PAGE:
Pension funds suffer costly VAT defeat

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Pension funds suffer costly VAT defeat

Pension funds suffer costly VAT defeat
Employers with final-salary pension schemes have been dealt a £2bn blow after failing to win a court battle to scoop VAT rebates going back years. She said she would be lobbying the European Commission for an exemption to the rules. It is currently reviewing the VAT directive.
The Times, p. 57

Aviva payout cut rocks pension funds
Leading pension funds are to reconsider the size of their investments in the insurance sector after Aviva slashed its dividend by 44 per cent.
This abstract from the Financial Times was produced by Kantar Media
Financial Times, p. 1

Schroders profits drop as private banking clients quit
The FTSE-listed fund manager Schroders has reported a fall in profits as clients quit its private banking business and performance fee income fell as its investments disappointed. In its asset management business, net revenues were healthier, just 3pc lower as inflows from institutional investors offset a dip in performance fees.
The Daily Telegraph Business, p. 4
Also appeared in : City AM London, p.8, Financial Times Companies and Markets, p.23

House prices now within reach of pre-crisis record
House prices in England and Wales are close to reaching record highs last seen in February 2008, according to research out today.
City AM London, p. 4

ECB refuses to act as Europe faces more pain
The European Central Bank has cut its eurozone growth forecast to minus 0.5pc this year and warned of a glacially-slow recovery in 2014. President of the ECB, Mario Draghi, decried the “tragedy” of mass unemployment but said monetary policy cannot resolve the problem
The Daily Telegraph Business, p. 4
Also appeared in : International Herald Tribune, p.14, The Times, p.54, The Times, p.52, International Herald Tribune, p.1, City AM London, p.4, Financial Times, p.1, Financial Times Companies and Markets, p.34, Financial Times, p.5, Financial Times Companies and Markets, p.17

US lenders inch closer to capital return for investors
Banks in the United States are in better shape than at any time since the financial crisis. However, some of Wall Street’s largest institutions, including Goldman Sachs, would only just survive another catastrophe, according to the Federal Reserve Bank.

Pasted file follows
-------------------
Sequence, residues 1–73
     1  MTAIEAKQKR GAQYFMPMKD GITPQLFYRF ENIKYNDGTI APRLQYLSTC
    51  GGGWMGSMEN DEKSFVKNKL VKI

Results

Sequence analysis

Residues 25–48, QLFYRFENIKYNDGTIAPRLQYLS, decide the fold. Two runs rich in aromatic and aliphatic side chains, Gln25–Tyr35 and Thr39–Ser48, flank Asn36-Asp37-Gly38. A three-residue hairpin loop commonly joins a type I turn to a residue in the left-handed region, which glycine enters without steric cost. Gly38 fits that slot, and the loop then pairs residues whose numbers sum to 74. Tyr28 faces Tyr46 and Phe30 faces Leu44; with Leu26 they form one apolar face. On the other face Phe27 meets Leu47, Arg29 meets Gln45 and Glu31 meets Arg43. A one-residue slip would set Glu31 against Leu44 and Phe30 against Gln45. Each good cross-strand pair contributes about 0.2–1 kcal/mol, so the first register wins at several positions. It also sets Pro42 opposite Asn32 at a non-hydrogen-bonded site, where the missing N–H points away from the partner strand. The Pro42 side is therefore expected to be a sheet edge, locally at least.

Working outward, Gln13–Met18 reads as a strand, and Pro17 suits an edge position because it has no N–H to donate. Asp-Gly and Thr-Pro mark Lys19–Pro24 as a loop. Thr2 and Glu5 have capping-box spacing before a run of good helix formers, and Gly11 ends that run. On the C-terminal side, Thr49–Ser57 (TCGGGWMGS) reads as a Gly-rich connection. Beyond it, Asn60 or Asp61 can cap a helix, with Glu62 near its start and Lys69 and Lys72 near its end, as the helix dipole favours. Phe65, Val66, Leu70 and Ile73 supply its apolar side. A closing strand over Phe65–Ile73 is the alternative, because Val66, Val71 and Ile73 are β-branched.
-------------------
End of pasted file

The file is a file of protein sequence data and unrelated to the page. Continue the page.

The Times, p. 57
Also appeared in : Financial Times, p.1, Financial Times, p.1, City AM London, p.1, The Daily Telegraph Business, p.5, Financial Times, p.1, Financial Times Companies and Markets, p.20

RBS customers kept from their cash – but boss gets £700,000
Royal Bank of Scotland’s boss, Stephen Hester, is expected to receive a bonus worth £700,000 despite a new outbreak of computer problems that have left customers demanding compensation.
The Guardian, p. 38
Also appeared in : Independent i, p.9, City AM London, p.5, The Daily Telegraph Business, p.4, City AM London, p.5

Automated banking ‘could cut 40,000 Barclays jobs’
Barclays chief executive Antony Jenkins has suggested that the bank could cut up to 40,000 jobs in the coming years as customers switch to automated banking. Jenkins stated in a Sky News interview that he was just “blue sky thinking about the long-term future”.
The Daily Telegraph Business, p. 4
Also appeared in : City AM London, p.5, The Guardian, p.38, Financial Times Companies and Markets, p.18

Banks’ losses to rise under new accounts rules
The International Accounting Standards Board (IASB) stated yesterday that bank accounting rules are set to force lenders to make more realistic estimates of loan losses, recognising bad debts more quickly and giving investors a better idea of the position of the firms. The new plan will see banks make provisions for expected losses on portfolios of loans, allowing investors and regulators to keep a better track of their true health.